Earth Day serves as a reminder for us to consider both our individual and collective impact on the environment. It’s also important to note the role employers play in greening the economy, and how their efforts influence the perspectives of current employees and potential candidates.
In a survey released last week, Harris Polls found that 44% of respondents said they’d rather be unemployed than work for a company that knowingly harms the environment – a sign that your company’s green initiatives affect your employer brand. With 81.5% of currently employed job seekers looking for jobs outside their current occupation, employers need to be mindful of all the ways top candidates are evaluating their options.
There are a number of resources job seekers can use to evaluate a company’s impact on the environment. The EPA’s Green Power Partnership lists the National 100 – a list of companies making the most of green energy. The top five include recognizable brands Intel, Microsoft, Kohl’s, Whole Foods, and Walmart.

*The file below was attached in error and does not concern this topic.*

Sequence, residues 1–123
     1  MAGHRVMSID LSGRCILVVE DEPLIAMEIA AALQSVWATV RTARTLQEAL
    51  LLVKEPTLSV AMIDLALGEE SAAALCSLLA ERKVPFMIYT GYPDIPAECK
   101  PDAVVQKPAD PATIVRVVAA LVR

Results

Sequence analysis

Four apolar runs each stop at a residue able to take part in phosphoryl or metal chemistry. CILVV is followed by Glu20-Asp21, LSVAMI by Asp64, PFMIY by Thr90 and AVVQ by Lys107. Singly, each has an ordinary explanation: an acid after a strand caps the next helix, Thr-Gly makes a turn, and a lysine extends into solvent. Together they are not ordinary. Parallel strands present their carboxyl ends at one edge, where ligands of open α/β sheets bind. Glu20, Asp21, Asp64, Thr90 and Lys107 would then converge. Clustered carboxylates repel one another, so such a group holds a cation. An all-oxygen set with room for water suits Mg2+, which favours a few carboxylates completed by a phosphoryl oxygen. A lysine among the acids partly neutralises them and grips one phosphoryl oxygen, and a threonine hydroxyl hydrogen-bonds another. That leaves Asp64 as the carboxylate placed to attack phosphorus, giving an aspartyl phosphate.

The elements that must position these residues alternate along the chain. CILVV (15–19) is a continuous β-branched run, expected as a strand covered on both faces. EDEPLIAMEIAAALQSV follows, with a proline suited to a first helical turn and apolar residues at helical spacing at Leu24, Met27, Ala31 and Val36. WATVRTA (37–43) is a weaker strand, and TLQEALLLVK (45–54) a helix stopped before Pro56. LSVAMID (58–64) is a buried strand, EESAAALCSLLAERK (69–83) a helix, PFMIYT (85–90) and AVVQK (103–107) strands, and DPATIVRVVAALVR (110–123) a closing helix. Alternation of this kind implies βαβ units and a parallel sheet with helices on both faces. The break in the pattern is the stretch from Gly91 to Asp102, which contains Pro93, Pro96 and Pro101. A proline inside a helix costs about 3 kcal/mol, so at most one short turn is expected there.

And then there are green jobs themselves. According to March BLS data, green jobs grew 4X faster than other jobs from 2010 to 2014. These jobs make up a small percentage of jobs overall and are drawn from numerous industries, but their growth rate shows the increasing importance of their role in the economy.
As both employers and candidates recognize the significance of that role, companies can use green practices to attract talent. Some companies offer incentives for employees to make green choices, like providing vouchers for hybrid cars or solar panels. Others create internal infrastructure to influence greener behavior.
Indeed Economist Tara Sinclair notes, “Low inflation rates indicate that we may not see substantial wage increases in the near future. Instead, companies may compete to attract talent through such characteristics as brand, with greenness playing a role in the perception of that brand.” Building out an employer brand that encompasses the things that matter most to candidates will have an effect on hiring, especially as the economy recovers.